Keeps You Updated!

TikTok and the human face of war

The only time I ever heard an air raid siren was at school in the 1980s. It seemed they were testing the system, which worked perfectly and which I never heard again. Culturally, we were in an odd moment of nuclear awareness: readers were captivated by John le Carré’s cold war dramas; women were encamped at Greenham Common, bound together in their campaign for nuclear disarmament and peace. Television programming was liberal and expansive: well, someone, somewhere considered us emotionally strong enough to cope with Threads. A one-off BBC drama by Barry Hines (the laureate of working-class experience), it depicts the outcome of a nuclear attack on a NATO base near Sheffield, and aired in 1984. Tagline: “The closest you’ll ever want to come to a nuclear war. ”

A sense of Orwellian gloom was in the ascendant: even cuddly old Raymond Briggs of The Snowman was making an animated feature, When the Wind Blows, about an elderly couple following a “protect and survive” manual in the wake of a nuclear attack. You thought a bit of snow melt was traumatic? Oh, and then came the Chernobyl meltdown.

Only one generation removed from global conflict, society was arguably more robust then. Europe was yet to bounce into the soft blancmange of ’90s “peacetime”, unions were striking, cash was tight. Ignorant as to the real potential for a nuclear disaster, I turned to my father for some advice: “Do you think we might be irradiated in a nuclear explosion?”

Leaning to a school of parenting based only on fact-based verification, his answer was terrifying: “I suppose we might be,” he shrugged after some consideration. “The truth is: I do not know.”

My father was not one to soft-soap a conversation. If you were looking for reassurance, he was the very worst person to ask. For months afterwards, I lay awake at night listening for tell-tale sirens, or unexpected plane sounds. I imagined and catastrophised, and felt really, really scared.

Of course, in my childhood, and somewhat lively imagination, I really had no grasp of the geopolitics at play. But when you’ve watched a woman’s face melt in a BBC war drama, and your parents are both realists, there were not really many avenues to find the cuddly answers that I wanted. I had it lucky: our cultural reckoning with nuclear war was still largely fiction, we were not being taught how to survive a nuclear attack, as my mother’s generation was, by hiding behind a mattress or crouching underneath a table. By the mid-1980s, we had moved on to the realization that our futures were in no way sorted.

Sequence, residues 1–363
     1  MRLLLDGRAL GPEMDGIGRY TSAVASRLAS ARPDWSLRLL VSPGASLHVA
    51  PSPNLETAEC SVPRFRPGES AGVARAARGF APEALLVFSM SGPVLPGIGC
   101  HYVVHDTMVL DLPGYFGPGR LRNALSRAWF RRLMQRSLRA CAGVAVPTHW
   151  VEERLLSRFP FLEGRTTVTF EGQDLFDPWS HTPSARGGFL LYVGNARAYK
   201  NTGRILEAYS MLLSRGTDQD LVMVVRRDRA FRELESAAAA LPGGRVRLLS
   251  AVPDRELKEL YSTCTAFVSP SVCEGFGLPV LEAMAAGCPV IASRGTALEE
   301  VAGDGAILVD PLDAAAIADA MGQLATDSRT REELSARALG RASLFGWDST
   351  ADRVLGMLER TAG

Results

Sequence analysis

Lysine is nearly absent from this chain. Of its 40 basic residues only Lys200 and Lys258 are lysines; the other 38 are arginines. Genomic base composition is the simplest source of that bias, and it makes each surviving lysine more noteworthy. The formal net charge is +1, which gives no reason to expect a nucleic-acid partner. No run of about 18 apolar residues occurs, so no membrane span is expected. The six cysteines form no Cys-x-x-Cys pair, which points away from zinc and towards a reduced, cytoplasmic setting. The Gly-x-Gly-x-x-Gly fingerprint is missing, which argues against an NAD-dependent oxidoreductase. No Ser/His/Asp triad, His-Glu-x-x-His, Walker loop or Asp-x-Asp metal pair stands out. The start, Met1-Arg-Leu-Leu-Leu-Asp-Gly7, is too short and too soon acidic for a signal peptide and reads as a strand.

And now the sleeping unease that accompanied my childhood has been rudely reawakened. We’re all a bit like children at the moment, hoping desperately for someone to say something nice and positive. Listening to a BBC interview last week in which a Russian analyst with close ties to Vladimir Putin suggested the president was definitely insane enough to push the button, I decided it was time to be more selective with my media. Much as I want to engage with every nuance of this conflict, the real drive in all my doom-scrolling is to find those crumbs of optimism that tell me: “it’s going to be OK.”

What do we talk about when we do not talk about the end of the world? I’m not sure I want to hear the honest and researched answers. I do not want to hear from people with deep insights into the Kremlin. Or some grave-faced war correspondent on the news. Instead I’m reaching for the cheery propaganda footage showing tanks mired in muddy puddles, or reports on news stories about how Russia has misunderestimated things. I’m addicted to TikTok accounts that show the astonishing humor and tenacity of Ukrainians, of little children singing Frozen’s “Let it Go” in their basements, or teenagers like @valerissh who shares films of her shelled home town in Chernihiv but sets them to hip-hop tracks and cheeky social media memes.

For all the ills of fake news and the spread of misrepresentation, the soupy, convoluted world of social media can be a tremendous source of solace. While news teams broadcast their statesmanlike professionals, on TikTok you find soul-soaring humanity: the basement bakery still producing buns for Ukrainian soldiers, the Russians protesting silently by walking around Red Square.

Yes, there are wormholes – scrolling over simulated nuclear attacks on European cities is possibly not the best way to spend the final minutes before bedtime – but the war on TikTok can offer an illuminating portrait of the very best in human kindness. Plus, it’s short on pity. @Valerissh isn’t catastrophizing: she’s not worrying about nuclear fallout, or what Putin’s going to do next. She’s too busy joking about the manky offerings at the supermarket (coconut water from the Maldives, and a sprinkle-covered donut) – or showing us how her mother cooks blinchiki in their basement. I wonder if she realizes to what extent she’s reassuring the whole world with her pragmatic bravery and humor. And how I wish I’d known her when I was eight years old.

Email Jo at jo.ellison@ft.com

Follow @ftweekend on Twitter to find out about our latest stories first

Leave a Reply

Your email address will not be published. Required fields are marked *